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ombudsman news

issue 2

February 2001

time limit for cases referred to the PIA Ombudsman Bureau

Under its mandatory jurisdiction, the PIA Ombudsman Bureau is not permitted to deal with complaints which, if they were negligence claims, would be time-barred under the Limitation Act 1980, as amended. Exceptions to this are cases which would otherwise fall under the Pensions Review.

In very general terms, this has meant that customers have had up to six years after acting on investment advice to complain to the firm about that advice. A longer period, subject to an overall longstop of 15 years, could apply in some cases where the complainants had three years from the time when they knew, or ought reasonably to have known, about the matters they were complaining about.

The terms of reference have not changed. However, firms may have noticed a change in our policy in this area. The reason is that the law relating to the suspension of limitation periods in professional negligence cases under the Limitation Act has been the subject of recent judgements in the Court of Appeal in Brocklesby-v-Armitage & Guest (1999 Lloyds Ref PN888) and applied in Liverpool Roman Catholic Archdiocese Trustees-v-David Goldberg QC (The Times 18 July 2000). These have been confirmed again in Cave-v-Robinson, Jarvis & Rolf decided in the Court of Appeal on 20 February this year.

Of course, each case is decided on its own facts. However, in the light of these cases, in September 2000, the PIA Ombudsman Bureau revised its policy. What this means in practice is that a client who was advised to take out an endowment policy in 1989, raised concerns in 1994, but did not complain to the firm until 2000, may not be time-barred under the Limitation Act.

This is illustrated in the following example.

In October 1989 a customer is advised by a company representative to take out an endowment to repay his mortgage. If the representative had assessed the customer's risk profile, which he did not, it would have proved to be cautious.

It is not until October 1994 that the customer receives his first review letter from the product provider. He is concerned that the policy's projected value when it matures is less than the amount he will need to repay on his mortgage but he does nothing about his concerns at that time.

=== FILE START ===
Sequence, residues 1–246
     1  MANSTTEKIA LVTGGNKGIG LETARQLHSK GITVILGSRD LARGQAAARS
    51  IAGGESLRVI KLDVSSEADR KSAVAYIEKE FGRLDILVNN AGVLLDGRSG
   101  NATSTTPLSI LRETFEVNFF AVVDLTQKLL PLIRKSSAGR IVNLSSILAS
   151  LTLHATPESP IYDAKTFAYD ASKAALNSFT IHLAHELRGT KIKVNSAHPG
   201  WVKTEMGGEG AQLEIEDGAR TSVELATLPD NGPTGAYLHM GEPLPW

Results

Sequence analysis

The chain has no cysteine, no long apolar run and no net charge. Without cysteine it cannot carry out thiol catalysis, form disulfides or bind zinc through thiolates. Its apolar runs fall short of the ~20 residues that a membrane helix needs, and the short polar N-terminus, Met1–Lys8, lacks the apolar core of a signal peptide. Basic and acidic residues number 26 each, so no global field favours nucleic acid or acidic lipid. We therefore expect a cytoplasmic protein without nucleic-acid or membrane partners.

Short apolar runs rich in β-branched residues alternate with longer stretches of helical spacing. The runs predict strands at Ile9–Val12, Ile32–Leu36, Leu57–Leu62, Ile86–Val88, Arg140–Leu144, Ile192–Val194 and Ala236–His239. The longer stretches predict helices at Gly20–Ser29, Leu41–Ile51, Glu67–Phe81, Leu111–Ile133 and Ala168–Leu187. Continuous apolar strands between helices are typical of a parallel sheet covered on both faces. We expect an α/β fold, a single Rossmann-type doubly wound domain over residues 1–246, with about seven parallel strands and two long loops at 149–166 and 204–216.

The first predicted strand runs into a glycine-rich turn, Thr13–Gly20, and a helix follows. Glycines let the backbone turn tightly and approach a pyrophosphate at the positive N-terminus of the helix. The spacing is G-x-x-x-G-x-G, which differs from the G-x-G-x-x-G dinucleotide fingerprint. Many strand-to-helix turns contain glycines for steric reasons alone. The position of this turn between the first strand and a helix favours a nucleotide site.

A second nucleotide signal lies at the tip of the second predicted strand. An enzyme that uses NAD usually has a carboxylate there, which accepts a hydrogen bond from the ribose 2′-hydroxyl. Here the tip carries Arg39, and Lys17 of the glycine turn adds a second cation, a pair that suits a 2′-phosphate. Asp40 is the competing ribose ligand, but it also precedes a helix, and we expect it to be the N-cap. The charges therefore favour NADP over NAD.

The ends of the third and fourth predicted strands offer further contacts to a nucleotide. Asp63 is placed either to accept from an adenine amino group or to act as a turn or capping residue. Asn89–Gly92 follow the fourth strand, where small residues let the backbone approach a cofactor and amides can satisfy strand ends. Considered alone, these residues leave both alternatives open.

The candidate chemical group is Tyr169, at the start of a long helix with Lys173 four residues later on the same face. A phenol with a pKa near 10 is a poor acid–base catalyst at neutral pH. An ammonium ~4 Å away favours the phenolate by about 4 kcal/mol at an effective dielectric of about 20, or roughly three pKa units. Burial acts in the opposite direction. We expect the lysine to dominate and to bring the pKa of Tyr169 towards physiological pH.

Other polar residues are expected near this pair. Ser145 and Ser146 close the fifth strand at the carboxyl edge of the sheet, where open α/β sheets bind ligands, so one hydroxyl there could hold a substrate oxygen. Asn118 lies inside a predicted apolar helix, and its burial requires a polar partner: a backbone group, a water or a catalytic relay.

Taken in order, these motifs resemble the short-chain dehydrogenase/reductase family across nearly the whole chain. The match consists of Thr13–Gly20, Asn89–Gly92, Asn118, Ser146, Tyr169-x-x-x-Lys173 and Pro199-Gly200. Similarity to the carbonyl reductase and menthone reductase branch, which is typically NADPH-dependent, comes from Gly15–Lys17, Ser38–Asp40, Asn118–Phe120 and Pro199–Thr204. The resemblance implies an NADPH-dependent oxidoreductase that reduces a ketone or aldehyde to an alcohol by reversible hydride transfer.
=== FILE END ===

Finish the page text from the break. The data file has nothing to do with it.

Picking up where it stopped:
July 2000 the customer receives a letter from his product provider warning that the policy is not on target to repay the loan. Partly because of the press coverage at the time, the customer complains immediately to the firm and within six months of the firm's reply, the case comes to the PIA Ombudsman Bureau.

It could be argued that with "reasonable diligence" the customer could have discovered the company's professional negligence in 1994.

Nevertheless, he now has had six years (instead of three) from then to bring his complaint and has done so just in time. In these circumstances, it could not be said that he ought to have discovered the fault before 1994, as he has no reason to question the advice he was given initially or to "double check" it with another, more competent, adviser.

Another important change, not highlighted by our example, is that apparently in such cases there would no longer be any longstop period in bringing a claim.

Walter Merricks, chief ombudsman

ombudsman news gives general information on the position at the date of publication. It is not a definitive statement of the law, our approach or our procedure.

The illustrative case studies are based broadly on real-life cases, but are not precedents. Individual cases are decided on their own facts.